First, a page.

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Tindley Temple United Methodist Church

Tindley Temple United Methodist Church traces its roots to 1837 and is best known for its 20th-century pastor, the Rev. Charles Albert Tindley, who wrote more than 60 hymns. When it was known as Bainbridge Street Methodist Episcopal Church, the congregation was one of 55 churches studied by Du Bois in the 1890s. At that time, the 55 Black churches in Philadelphia ran limited programs such as burial societies and building and loan associations. They had combined assets of just over $9,000. Philadelphia’s Black churches have greatly expanded in number, exceeding 700 as of 2003, and in outreach, offering diverse programs ranging from children/youth activities and educational programs to health care and financial literacy programs to commercial ventures. Their financial impact on the community has also multiplied as they contribute more than $9,000 per congregation for social services.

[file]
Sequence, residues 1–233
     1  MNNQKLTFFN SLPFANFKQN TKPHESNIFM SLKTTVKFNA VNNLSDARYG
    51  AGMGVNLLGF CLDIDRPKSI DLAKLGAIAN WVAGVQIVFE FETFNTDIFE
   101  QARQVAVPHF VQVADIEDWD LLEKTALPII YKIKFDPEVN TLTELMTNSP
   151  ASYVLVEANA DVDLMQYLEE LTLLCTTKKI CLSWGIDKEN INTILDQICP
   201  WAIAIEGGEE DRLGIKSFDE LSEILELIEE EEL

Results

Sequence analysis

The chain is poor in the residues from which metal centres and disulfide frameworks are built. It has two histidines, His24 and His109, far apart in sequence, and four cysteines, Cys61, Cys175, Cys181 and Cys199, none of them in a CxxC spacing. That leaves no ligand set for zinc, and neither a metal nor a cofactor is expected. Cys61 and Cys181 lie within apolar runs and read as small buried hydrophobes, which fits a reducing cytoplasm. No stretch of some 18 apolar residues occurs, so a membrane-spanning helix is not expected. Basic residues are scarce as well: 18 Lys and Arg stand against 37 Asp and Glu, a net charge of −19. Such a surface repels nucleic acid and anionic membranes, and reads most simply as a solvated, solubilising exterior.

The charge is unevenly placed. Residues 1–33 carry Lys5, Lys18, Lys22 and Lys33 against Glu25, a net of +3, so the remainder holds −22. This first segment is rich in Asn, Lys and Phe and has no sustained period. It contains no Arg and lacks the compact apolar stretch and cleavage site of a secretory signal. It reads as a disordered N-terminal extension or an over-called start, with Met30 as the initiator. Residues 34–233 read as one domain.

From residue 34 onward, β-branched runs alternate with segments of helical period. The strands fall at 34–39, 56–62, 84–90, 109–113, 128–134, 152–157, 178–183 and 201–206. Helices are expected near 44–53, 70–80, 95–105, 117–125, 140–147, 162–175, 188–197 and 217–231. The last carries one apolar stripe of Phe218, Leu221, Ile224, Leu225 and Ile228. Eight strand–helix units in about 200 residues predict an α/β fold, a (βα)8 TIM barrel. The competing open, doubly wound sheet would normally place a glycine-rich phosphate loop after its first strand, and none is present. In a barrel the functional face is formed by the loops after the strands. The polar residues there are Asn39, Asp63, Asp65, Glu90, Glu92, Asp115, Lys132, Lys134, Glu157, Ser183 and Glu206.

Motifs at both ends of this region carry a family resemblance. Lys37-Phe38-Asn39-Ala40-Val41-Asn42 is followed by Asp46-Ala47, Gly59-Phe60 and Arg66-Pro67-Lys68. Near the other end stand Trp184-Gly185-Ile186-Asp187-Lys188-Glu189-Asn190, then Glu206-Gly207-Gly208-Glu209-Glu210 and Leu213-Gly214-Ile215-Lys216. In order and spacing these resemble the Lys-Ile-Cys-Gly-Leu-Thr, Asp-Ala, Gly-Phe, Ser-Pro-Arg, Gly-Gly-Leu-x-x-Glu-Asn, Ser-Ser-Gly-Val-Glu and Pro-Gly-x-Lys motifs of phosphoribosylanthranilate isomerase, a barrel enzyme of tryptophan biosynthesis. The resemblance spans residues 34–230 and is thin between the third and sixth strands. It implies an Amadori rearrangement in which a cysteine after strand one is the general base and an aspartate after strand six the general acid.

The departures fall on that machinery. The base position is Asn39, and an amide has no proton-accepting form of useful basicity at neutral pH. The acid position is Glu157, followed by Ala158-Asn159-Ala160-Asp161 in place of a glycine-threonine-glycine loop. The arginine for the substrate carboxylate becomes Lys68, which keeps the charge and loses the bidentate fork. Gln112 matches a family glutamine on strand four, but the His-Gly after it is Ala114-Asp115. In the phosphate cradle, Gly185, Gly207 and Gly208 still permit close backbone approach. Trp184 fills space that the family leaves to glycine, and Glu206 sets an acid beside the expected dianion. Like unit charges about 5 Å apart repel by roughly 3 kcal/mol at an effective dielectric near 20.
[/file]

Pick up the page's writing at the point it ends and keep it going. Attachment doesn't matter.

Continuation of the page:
In Tindley Temple’s heyday in the 1920s and ‘30s, the church’s 3,200 seats were filled three times each week – twice on Sunday morning and again during a third Sunday evening service. During this period, the 12,500 members flowing through the doors each week were both Black and white. Tindley Temple broke not one but two racial barriers: In addition to being one of the very few multiracial churches in the nation, it was also the first Black church to own property on Broad Street in Philadelphia. Its multi-million-dollar building is recognized on the National Register of Historic Places. Due to the church’s historical and cultural significance and close proximity to the Seventh Ward community, approaching its members seemed a reasonable place to begin Du Bois’ The Ward Oral History Project. These members add an essential perspective to the history of this community with their stories.